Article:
Microsoft has released an update for Rust for Windows (formerly Rust/WinRT) with completed support for Win32 and COM APIs. Version 0.9 of the Rust language projection turned up last week and, according to Microsoft, gives "access to the entire Windows API surface in a language-idiomatic way." It's a tacit admission that no …
Monday 10th May 2021 14:51 GMT Rich 2
Extend and extinguish…. Again?
Sounds like it to me - trying to hook rust peeps on windows-specific APIs?
On one hand it’s a reasonable thing to add, but I can’t help my cynicism and MS past behaviour tainting that view.
Also, I couldn’t help wondering if “completed consumption” is some sort of MS strain of tuberculoses? :-)
Monday 10th May 2021 19:14 GMT bazza
Re: Extend and extinguish…. Again?
Well, if one wants to programme on Rust for Windows, the developer is already headed towards Windows specific APIs anyway.
Providing a neat, tidy and complete binding, automatically derived from the actual Win32 (and other) API libraries and header files, is looking like an effective strategy to making it easy to support languages other than C. The automated generation of the binding effectively ensures that devs can have confidence in it, which can only help.
Given that this is basically lending a hand to what is rapidly becoming a seriously important community project (Rust), it can't really be viewed as anything other than an honest gift. There's no sign that MS has any intention of forking the language in an attempt to skew the market (like they did with Java all those years ago).
What will be interesting I think is to see just what happens in the next few years with Rust in application development. There's a lot to recommend it for applications as well as OSes. Ready access to all the APIs can only help.
Tuesday 11th May 2021 07:05 GMT big_D
Re: Extend and extinguish…. Again?
Rust is a safe and system level programming language. That means that, Rust is a system level language, not a platform independent language. You will need to target each platform individually.
Providing a bunch of interfaces/functions that provide that support directly in Rust, as opposed to the programmer having to slog through the Win32 documentation and write their own interface calls, and hope they read the documentation correctly and have safely implemented the calls, will save a lot of time.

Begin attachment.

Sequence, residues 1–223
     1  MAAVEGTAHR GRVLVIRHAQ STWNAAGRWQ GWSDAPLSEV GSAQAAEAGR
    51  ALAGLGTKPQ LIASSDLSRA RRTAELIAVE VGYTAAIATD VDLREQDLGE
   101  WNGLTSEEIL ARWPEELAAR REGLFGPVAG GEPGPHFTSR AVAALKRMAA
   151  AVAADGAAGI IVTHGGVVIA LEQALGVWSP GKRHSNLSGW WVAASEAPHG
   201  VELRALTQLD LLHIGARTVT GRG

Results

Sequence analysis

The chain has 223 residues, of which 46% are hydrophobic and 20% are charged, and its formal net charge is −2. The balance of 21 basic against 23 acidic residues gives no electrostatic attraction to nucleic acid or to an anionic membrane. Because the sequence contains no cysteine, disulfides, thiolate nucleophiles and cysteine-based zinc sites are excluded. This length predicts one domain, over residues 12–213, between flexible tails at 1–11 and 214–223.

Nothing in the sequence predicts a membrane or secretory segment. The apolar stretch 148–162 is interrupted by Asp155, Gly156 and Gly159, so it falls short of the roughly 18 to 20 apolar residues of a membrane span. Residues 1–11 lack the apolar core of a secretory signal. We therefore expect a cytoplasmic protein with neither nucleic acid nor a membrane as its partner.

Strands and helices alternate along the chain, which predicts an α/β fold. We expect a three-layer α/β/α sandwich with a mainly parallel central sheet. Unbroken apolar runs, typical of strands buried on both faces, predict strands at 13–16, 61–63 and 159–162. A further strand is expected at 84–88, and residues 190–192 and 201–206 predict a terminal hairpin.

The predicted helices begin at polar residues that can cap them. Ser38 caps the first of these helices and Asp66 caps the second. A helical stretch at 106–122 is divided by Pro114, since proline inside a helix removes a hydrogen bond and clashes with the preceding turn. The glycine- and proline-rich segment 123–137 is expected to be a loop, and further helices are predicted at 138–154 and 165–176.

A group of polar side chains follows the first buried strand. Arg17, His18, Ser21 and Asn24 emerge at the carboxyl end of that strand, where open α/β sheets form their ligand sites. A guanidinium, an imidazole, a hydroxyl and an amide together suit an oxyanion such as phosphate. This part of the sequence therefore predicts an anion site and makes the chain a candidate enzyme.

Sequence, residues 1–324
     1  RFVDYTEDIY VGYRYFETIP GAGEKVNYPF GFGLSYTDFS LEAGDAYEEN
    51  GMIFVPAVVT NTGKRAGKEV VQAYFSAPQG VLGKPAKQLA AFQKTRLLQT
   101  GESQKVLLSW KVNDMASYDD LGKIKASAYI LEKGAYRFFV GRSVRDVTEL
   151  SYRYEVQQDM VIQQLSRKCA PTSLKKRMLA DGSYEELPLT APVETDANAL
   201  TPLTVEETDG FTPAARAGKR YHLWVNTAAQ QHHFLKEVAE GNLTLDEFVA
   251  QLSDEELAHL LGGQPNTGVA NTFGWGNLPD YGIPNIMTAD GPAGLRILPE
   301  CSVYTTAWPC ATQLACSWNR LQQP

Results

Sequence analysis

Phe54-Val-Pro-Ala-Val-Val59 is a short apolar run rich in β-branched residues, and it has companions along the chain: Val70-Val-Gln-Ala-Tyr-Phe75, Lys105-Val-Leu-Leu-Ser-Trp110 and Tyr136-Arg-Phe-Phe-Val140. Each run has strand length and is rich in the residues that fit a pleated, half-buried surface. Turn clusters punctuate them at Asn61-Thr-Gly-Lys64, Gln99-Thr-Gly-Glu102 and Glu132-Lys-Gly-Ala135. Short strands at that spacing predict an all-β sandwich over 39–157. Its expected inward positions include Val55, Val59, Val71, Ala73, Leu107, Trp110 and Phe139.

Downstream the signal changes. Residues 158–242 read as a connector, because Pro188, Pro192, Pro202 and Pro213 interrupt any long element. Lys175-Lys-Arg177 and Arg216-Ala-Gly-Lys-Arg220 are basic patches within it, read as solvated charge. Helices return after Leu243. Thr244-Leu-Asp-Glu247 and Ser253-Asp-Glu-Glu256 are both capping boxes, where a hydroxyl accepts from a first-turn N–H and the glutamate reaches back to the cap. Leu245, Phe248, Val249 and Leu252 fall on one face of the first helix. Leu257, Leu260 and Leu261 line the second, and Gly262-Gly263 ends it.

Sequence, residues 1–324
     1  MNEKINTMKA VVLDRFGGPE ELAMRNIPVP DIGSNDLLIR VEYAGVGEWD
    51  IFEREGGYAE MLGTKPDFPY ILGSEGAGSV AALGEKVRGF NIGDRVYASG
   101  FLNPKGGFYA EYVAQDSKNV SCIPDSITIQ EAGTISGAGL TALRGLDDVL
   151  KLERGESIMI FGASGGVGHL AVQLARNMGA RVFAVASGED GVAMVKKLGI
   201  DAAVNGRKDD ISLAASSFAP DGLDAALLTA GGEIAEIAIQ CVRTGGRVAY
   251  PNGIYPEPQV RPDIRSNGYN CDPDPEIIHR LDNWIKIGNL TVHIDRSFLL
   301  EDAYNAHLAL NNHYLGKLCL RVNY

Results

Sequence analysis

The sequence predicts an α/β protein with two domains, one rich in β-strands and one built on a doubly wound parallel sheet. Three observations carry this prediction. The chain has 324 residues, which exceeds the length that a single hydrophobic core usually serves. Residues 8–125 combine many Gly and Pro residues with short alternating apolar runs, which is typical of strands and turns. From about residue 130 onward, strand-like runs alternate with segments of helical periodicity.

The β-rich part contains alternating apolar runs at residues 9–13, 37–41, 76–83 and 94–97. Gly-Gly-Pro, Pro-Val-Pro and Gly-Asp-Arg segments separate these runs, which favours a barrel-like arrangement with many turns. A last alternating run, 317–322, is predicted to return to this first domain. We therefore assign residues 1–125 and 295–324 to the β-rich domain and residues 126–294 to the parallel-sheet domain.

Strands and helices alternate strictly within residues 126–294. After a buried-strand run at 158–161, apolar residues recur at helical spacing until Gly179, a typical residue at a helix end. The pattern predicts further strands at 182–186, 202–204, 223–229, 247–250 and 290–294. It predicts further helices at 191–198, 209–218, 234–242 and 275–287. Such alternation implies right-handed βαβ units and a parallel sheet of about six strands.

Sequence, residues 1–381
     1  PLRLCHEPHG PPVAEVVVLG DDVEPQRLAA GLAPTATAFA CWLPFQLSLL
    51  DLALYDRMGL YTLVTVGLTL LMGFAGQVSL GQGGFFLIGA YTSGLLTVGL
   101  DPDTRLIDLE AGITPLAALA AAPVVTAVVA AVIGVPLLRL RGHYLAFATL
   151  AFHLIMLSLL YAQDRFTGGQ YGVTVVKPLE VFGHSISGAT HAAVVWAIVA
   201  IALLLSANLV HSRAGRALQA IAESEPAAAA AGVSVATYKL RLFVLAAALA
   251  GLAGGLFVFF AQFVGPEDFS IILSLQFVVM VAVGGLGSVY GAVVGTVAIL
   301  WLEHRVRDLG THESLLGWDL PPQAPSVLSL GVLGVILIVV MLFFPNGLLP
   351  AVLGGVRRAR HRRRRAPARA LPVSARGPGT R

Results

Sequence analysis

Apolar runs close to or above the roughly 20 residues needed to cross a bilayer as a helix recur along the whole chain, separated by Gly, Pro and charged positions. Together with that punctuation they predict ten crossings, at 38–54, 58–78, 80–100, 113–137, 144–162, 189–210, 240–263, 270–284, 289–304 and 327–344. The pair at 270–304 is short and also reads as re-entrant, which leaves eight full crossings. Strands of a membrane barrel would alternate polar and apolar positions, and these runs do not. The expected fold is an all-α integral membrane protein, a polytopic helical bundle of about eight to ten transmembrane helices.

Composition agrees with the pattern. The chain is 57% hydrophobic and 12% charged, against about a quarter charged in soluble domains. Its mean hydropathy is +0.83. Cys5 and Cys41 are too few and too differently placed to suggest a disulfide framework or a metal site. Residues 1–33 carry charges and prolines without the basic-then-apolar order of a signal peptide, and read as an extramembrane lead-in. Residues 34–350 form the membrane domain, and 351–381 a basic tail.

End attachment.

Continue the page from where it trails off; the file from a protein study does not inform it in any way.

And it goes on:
The same has always been the case for similar languages, such as C and C++, on Windows you either had MFC or WPF from Microsoft or OWL from Borland to provide the integration of the OS into your applications. Linux, macOS and other platforms have their own classes / interfaces for programming on them.
AFAIK, Microsoft aren't re-writing the Rust language, they are only providing translation layer libraries to make it easier for programmers, so they don't have to keep re-inventing the wheel.
Looking at the source code on Git, it is just a list of published interfaces. If you are programming on Linux, you'll need similar interfaces, the same of macOS or Android etc.
Monday 10th May 2021 22:48 GMT Kev99
Tuesday 11th May 2021 07:12 GMT big_D
Have you actually looked at the Rust for Windows source? It is a bunch of interface definitions, to allow programmers to target Windows for application development.
They aren't changing the language. Just like MFC, OWL, KDE or GTK class libraries for C++, for Windows and Linux, for example.
A lot of I/O and thread management is platform specific, for example, and you need the relevant interfaces in order to be able to develop fully functional applications on each platform.
Rust is at the same level as C/C++ and not a platform independent language, like Java.
Tuesday 11th May 2021 07:17 GMT Maximus Delfango
Is anyone using Rust for anything hefty?
Is anyone reading this using Rust for anything hefty? It seems an intriguing language, but I haven't get given myself the mental push to give it a go.
Come to think of it, it anyone using WinRT as well for anything?
Honest questions, not trying to start something (apart from a discussion).
Wednesday 12th May 2021 04:30 GMT _andrew
Re: Is anyone using Rust for anything hefty?
Well apparently fairly significant chunks of Firefox are in rust now (and all of Servo), and Dropbox seem to have used it to scale up their synchronization thing: https://dropbox.tech/infrastructure/rewriting-the-heart-of-our-sync-engine
Each of those have a few users.